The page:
Entity Resolution for Big Data

A Summary of the KDD 2013 Tutorial Taught by Dr. Lise Getoor and Dr. Ashwin Machanavajjhala


Entity Resolution is becoming an important discipline in Computer Science and in Big Data, especially with the recent release of Google’s Knowledge Graph and the open Freebase API. Therefore it is exceptionally timely that last week at KDD 2013, Dr. Lise Getoor of the University of Maryland and Dr. Ashwin Machanavajjhala of Duke University will be giving a tutorial on Entity Resolution for Big Data. We were fortunate enough to be invited to attend a run through workshop at the Center for Scientific Computation and Mathematical Modeling at College Park, and wanted to highlight some of the key points for those unable to attend.

What is Entity Resolution?

Entity Resolution is the task of disambiguating manifestations of real world entities in various records or mentions by linking and grouping. For example, there could be different ways of addressing the same person in text, different addresses for businesses, or photos of a particular object. This clearly has many applications, particularly in government and public health data, web search, comparison shopping, law enforcement, and more.

Additionally, as the volume and velocity of data grows, inference across networks and semantic relationships between entities becomes a greater challenge. Entity Resolution can reduce the complexity by proposing canonicalized references to particular entities and deduplicating and linking entities. For instance, consider the following example of a coauthor network from bibliographic data used for InfoVis 2004.


Deduplication significantly reduced the complexity of the network from a ninth order graph to a much simpler fourth order graph, of significantly less size. Dr. Getoor’s work on D-Dupe, an interactive data deduplication tool, demonstrates how an iterative entity resolution process could work for social networks, an increasingly important and growing data set that seems to transcend traditional stovepipes like Twitter and Facebook. Yet another example is the multiport disambiguation of Traceroute output of routers. This dataset, when incorrectly analyzed with no resolved entities, led to the commentary of some technologists about the fragility of the Internet- in fact most Internet backbones are well-defined and hardened with only a handful of actual router entities.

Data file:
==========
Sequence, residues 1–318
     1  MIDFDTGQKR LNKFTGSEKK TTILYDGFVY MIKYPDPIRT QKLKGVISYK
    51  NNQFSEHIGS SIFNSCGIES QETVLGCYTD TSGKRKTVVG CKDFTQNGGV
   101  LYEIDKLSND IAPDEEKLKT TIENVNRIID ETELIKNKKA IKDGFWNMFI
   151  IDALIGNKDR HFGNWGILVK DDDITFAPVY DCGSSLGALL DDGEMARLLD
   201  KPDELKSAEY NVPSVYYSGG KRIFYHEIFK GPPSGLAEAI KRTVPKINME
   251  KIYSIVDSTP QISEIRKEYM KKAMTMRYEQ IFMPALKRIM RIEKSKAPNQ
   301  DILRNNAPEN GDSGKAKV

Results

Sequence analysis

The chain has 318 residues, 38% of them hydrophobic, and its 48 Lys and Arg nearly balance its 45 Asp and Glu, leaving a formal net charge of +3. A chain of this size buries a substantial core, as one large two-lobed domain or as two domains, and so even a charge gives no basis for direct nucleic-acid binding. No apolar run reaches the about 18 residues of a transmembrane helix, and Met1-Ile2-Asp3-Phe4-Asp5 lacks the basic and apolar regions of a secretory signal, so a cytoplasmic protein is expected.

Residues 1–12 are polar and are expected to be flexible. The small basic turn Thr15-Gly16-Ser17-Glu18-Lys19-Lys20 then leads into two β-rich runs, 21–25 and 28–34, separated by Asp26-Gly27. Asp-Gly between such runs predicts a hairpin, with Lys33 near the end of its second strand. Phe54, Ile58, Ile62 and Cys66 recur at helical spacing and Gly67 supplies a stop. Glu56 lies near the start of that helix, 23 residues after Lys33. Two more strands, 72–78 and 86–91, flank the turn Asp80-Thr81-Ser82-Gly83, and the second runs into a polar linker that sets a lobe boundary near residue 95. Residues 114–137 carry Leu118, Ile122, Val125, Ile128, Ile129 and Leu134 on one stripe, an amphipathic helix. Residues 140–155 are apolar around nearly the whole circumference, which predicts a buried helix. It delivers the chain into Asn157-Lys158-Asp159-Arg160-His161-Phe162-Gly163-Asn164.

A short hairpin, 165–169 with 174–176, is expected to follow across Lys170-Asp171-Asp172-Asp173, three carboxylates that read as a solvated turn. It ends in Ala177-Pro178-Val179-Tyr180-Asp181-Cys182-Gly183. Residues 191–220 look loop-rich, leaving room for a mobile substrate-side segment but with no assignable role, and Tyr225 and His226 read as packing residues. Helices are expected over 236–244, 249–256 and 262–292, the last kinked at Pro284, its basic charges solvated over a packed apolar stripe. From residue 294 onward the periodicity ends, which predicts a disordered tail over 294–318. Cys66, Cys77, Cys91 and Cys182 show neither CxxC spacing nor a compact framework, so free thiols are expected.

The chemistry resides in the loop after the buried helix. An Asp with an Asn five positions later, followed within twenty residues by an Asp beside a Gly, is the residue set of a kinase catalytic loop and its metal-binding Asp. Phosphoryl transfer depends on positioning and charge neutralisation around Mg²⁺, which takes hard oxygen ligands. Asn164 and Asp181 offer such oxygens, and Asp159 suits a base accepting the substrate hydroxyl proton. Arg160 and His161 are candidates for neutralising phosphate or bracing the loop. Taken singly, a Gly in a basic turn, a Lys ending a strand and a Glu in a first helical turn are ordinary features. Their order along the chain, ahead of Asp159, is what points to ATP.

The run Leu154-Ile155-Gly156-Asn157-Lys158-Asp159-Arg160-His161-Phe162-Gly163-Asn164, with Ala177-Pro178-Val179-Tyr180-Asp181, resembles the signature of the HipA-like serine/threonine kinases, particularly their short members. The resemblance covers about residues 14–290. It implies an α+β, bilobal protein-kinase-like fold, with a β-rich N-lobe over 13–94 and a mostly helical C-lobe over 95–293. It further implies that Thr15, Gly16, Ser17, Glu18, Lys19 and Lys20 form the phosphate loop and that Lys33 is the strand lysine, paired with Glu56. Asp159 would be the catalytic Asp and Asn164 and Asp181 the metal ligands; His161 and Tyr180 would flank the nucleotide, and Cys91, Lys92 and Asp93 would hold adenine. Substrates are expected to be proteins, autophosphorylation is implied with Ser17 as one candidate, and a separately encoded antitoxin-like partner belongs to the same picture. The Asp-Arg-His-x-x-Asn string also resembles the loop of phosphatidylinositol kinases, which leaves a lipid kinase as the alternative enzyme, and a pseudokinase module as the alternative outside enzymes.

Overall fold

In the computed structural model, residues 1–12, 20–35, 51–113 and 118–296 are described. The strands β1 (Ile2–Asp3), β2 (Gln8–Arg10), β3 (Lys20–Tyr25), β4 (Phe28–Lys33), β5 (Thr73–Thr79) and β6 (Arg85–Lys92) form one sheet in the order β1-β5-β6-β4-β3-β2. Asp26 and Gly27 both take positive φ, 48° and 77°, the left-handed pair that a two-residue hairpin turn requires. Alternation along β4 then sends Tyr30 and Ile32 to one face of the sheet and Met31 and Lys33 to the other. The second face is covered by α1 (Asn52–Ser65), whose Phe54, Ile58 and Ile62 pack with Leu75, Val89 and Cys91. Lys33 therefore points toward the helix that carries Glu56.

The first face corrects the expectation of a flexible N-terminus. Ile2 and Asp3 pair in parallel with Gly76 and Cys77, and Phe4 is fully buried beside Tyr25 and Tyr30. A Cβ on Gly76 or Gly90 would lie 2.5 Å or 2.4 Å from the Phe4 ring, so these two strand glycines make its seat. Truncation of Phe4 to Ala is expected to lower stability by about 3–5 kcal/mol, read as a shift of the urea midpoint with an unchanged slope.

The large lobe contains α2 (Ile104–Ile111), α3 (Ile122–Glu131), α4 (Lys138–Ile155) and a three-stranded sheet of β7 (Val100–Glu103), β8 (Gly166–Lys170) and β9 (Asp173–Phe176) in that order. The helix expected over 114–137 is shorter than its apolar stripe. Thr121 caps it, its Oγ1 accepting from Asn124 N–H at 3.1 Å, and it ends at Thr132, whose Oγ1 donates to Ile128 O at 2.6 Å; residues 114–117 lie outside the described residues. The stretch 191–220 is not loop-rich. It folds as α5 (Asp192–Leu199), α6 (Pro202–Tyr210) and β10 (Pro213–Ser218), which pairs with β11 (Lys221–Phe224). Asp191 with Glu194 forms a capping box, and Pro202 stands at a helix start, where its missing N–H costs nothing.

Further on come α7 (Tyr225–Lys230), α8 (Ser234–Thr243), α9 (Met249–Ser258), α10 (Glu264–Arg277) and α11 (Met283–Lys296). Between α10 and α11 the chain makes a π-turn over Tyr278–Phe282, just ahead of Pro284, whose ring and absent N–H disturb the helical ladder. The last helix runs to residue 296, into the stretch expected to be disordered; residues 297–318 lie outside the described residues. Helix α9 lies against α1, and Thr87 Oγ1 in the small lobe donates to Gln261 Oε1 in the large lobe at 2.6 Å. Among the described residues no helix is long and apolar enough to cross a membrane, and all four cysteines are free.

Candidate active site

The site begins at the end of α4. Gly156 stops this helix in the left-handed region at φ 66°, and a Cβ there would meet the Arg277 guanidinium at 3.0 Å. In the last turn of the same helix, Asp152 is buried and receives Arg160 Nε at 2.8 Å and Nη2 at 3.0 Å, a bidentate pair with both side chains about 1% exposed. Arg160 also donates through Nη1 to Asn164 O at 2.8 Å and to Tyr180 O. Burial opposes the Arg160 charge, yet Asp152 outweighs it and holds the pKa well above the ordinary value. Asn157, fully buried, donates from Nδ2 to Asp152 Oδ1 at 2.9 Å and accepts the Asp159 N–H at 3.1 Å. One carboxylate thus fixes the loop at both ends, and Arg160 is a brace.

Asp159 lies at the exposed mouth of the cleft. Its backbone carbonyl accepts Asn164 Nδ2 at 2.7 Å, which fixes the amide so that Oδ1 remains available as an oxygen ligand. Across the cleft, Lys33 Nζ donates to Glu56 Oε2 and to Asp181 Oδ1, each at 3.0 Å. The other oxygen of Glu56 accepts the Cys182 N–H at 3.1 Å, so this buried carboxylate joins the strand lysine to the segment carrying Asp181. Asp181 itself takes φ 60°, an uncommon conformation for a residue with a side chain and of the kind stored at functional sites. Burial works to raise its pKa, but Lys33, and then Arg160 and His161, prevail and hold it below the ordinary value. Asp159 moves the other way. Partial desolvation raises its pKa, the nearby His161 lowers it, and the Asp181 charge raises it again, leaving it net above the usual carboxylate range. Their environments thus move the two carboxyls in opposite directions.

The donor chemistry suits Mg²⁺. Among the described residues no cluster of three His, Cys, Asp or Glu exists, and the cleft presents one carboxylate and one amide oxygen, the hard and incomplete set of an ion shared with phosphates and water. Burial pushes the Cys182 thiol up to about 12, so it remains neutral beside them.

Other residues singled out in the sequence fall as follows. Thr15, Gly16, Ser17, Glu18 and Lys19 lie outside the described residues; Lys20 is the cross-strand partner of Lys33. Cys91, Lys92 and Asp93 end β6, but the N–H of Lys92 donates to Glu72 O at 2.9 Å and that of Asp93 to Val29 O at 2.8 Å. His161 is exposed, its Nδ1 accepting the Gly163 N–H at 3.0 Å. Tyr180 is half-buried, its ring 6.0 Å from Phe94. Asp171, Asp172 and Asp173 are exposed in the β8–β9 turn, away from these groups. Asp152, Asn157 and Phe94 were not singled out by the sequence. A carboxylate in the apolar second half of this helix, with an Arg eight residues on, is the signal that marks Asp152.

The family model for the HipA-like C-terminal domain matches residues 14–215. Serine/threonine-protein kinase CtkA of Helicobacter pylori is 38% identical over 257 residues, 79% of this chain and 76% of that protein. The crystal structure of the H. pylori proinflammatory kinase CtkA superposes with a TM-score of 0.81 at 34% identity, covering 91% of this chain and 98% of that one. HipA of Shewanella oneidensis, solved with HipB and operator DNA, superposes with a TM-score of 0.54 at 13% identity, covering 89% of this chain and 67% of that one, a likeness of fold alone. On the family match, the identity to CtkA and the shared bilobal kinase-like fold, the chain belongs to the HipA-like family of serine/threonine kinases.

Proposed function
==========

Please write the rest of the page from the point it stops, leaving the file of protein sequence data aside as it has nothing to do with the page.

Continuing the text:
However, there are significant challenges to the ER discipline, least of which is the fact that there is no unified theory and, ironically, ER itself goes by many names! Other challenges like language ambiguity, poor data entry, missing values, changing attributes and formatting, as well as abbreviations and truncation mean that ER is a discipline that includes not just databases and information retrieval, but also natural language processing and machine learning.

Scaling to big data just increases the challenge, as the need for heterogeneity and cross-domain resolution become important features. As a result, ER techniques must be parallel and efficient, in order to be used in the context of Big Data techniques like MapReduce and distributed graph databases.

Tasks in Entity Resolution

Generically speaking, we can discuss ER as follows: there exists in the real world entities, and in the digital world, records and mentions of those entities. The records and mentions may take many forms, but they all refer to only a single real world entity. We can therefore discuss the ER problem as one involving matching record pairs corresponding to the same entity, and as a graph of related records/mentions to related entities.


Deduplication: the task of clustering the records or mentions that correspond to the same entity. There is an intentional variant of this task: to then compute the cluster representative for each entity. This is commonly what we think of when we consider Entity Resolution.

Record Linkage: a slightly different version of the task is to match records from one deduplicated data store to another. This task is proposed in the context of already normalized data, particularly in relational databases. However, in the context of Big Data, a one-to-one comparison of every record is not optimal.